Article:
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WSMap: California's rainy season is December-February. Globally, rainy seasons fluctuate based on location, rendering it imperative to know when a region's rainy season is to accurately detect drought.

The CHG also collaborates with researchers around the world investigating climate impacts on society, from impacts on birth weight to crop performance and its implications for civil unrest. In a groundbreaking study, a CHG-affiliated researcher, Colin P. Kelley, collaborated with researchers at Columbia University to analyze the link between climate and conflict in Syria. They established that the 2007-2010 drought contributed significantly to the conflict. The drought, shown to have been influenced by human-caused climate change, lead to widespread crop failure and massive migration of farmers to urban areas, eventually sparking civil war and political unrest. This new link between climate and conflict has enormous political implications for local policy makers, national security, and global efforts toward climate mitigation.

In another study, CHG affiliate and University of Utah professor Kathryn Grace and her team of researchers worked with Funk, Shukla, and CHG’s Frank Davenport to analyze the impacts of changing temperature and precipitation on birth weights in Africa. Low birth weight is of particular importance as it has been shown to lead to negative health impacts on the child, even into adulthood, and puts economic stress on the family. The study identified a relationship between birth weight and climate across 19 countries, in which high temperatures and decreased precipitation were found to have a significant correlation with low birth weight outcomes. More specifically, they found that high temperatures have a particular impact on non-agricultural populations due to heat stress on the mother, and precipitation had a stronger impact on populations that are highly reliant on crop production.

But the CHG is more than just a research group. Recognizing the need for local scientists to have both the access and training to analyze climate fluctuations and impacts in their own regions, the CHG has made it its mission to produce accessible tools and datasets. These resources include its global rainfall dataset (CHIRPS), a global climatology (CHPClim), the Early Warning Explorer (EWX), and its two climate and crop analysis tools—the GeoClim and GeoWRSI—all of which are freely available on the CHG’s website. In a further effort to support local analysis of climate hazards, the CHG both employs regional scientists full time and provides training for regional experts who will, in turn, train other technicians in the region. Currently, one-third of the CHG team is composed of field scientists in South America and Africa who have full access to CHG’s resources, in addition to a strong understanding of the needs of people on the ground. The CHG scientists also travel around the world to provide training for users of these tools, empowering local scientists and decision makers to run their own analyses and come to their own conclusions. With each training, the CHG hopes to build local capacity for well-informed civic planning, disaster preparedness, and hazard mitigation.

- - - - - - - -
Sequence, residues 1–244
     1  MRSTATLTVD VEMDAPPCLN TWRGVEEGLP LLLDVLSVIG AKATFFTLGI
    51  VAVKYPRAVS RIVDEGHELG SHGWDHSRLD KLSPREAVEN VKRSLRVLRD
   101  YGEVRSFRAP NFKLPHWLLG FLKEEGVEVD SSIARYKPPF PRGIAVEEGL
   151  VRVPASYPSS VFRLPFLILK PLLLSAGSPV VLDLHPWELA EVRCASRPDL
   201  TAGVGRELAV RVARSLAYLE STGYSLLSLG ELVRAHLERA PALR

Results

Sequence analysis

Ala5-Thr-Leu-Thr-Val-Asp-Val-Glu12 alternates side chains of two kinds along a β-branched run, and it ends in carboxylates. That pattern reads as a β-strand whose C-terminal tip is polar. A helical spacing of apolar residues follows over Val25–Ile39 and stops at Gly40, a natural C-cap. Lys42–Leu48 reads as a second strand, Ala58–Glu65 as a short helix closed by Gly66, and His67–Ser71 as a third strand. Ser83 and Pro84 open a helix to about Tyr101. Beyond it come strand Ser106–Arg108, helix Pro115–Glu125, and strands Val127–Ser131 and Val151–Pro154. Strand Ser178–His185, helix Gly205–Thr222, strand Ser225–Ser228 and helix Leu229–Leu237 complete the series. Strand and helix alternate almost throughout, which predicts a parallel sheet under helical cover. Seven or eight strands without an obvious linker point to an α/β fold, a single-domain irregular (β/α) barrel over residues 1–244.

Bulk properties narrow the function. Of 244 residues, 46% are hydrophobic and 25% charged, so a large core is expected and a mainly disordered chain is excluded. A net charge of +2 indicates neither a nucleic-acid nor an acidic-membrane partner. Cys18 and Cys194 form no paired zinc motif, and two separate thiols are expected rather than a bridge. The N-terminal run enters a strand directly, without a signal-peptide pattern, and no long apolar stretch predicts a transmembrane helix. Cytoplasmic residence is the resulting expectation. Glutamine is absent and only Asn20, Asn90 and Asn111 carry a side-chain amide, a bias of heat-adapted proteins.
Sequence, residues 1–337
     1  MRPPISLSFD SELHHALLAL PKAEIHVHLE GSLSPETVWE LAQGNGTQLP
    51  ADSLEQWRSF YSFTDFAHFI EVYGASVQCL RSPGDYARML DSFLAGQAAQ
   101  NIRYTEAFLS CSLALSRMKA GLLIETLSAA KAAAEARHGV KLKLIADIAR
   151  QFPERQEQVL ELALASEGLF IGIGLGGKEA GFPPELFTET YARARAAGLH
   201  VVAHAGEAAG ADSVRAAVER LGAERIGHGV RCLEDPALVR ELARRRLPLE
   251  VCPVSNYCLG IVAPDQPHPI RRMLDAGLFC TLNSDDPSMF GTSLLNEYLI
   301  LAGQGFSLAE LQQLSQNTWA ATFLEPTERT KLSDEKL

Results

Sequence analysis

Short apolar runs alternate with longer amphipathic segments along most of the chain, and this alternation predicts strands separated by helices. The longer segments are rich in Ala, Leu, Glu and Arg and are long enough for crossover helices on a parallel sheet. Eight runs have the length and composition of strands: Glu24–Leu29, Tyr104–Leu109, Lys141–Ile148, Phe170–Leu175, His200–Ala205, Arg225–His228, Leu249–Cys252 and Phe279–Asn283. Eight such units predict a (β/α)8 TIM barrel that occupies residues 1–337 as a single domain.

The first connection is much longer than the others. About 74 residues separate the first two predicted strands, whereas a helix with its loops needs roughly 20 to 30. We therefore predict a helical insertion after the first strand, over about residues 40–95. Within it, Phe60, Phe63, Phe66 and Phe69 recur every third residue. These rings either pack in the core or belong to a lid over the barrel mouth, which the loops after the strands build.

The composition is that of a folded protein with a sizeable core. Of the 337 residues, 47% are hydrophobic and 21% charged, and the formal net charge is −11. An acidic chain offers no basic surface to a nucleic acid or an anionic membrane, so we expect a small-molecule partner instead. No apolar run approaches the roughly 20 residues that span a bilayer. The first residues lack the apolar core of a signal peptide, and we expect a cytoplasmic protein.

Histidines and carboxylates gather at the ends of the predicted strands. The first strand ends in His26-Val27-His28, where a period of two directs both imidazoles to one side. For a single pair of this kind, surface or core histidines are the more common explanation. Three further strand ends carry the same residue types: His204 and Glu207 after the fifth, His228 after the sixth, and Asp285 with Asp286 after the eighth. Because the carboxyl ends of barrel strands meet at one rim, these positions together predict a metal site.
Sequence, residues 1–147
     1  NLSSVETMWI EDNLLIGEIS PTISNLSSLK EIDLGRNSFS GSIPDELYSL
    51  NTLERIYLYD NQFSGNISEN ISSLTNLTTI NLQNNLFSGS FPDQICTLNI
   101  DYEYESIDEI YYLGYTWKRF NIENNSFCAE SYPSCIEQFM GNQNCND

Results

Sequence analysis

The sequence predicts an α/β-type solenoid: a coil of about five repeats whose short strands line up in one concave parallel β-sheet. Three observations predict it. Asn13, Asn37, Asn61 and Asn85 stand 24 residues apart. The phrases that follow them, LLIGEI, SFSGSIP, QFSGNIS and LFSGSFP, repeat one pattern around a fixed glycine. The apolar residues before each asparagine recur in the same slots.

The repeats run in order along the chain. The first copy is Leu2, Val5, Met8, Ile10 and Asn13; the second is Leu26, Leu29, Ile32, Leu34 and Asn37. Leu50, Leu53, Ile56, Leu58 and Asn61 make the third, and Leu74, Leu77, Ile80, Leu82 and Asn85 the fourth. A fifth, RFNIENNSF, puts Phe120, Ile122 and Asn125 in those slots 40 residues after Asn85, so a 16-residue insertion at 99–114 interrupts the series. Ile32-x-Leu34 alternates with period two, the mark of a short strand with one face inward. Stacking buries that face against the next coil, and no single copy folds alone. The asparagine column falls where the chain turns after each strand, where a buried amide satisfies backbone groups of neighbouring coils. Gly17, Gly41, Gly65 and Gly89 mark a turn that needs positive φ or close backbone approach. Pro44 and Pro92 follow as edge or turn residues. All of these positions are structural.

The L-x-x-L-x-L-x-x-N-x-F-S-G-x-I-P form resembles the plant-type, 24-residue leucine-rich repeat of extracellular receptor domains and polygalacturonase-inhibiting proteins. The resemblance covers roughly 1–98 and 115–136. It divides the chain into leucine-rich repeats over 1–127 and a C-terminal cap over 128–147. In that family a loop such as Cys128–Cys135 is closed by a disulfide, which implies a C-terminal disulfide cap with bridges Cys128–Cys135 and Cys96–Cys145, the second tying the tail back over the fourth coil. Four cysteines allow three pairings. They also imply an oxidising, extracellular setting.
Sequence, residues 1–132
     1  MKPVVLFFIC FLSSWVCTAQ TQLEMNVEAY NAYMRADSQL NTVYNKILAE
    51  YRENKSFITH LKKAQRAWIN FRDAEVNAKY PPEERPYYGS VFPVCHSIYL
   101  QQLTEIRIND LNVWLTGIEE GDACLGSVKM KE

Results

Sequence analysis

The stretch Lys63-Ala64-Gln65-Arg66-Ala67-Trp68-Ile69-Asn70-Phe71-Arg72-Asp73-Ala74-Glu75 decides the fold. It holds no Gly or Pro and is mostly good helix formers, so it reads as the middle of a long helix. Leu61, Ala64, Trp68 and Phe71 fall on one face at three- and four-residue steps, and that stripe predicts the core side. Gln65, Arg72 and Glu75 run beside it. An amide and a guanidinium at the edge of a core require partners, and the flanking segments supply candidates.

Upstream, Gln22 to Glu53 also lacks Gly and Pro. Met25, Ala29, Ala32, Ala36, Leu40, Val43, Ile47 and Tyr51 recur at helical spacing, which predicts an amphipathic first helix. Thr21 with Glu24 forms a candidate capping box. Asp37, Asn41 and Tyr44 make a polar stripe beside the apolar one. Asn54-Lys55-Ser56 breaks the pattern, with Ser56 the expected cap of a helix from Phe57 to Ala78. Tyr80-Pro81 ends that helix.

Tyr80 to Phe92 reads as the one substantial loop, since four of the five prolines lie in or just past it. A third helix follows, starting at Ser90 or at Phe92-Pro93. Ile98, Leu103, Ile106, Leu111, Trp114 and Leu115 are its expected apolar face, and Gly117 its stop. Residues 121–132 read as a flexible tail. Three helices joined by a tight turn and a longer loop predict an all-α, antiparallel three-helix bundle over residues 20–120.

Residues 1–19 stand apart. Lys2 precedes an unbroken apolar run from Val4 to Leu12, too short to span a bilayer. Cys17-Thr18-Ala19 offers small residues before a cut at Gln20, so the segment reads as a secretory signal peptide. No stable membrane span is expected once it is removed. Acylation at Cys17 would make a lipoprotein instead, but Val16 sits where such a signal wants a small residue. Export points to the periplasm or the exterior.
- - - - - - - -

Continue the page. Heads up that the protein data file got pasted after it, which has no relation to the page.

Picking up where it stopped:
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A few of the Climate Hazard Group researchers: Marty Landsfeld, Chris Funk, Pete Peterson, Andy Hoell, Laura Harrison, and Shrad Shukla. Photo credit: Spencer Bruttig

In a world of climate shifts where super storms, prolonged drought, and massive conflicts over access to water and other resources are the new normal, the work being done by groups such as the CHG is becoming more relevant by the day. While global institutions scramble to cap emissions and slow the rate of change in the climate, adaptation is necessary to deal with the historical emissions which have locked in unavoidable changes in the climate. Successful adaptation that is preventative, responds to the needs of communities, and is based in accurate climate forecasting is key to limiting the suffering of many communities. The work done by the CHG in its early identification of hazards, forecasting, and analyses of vulnerable areas helps to do just that and, in turn, helps avoid some of the worst humanitarian crises.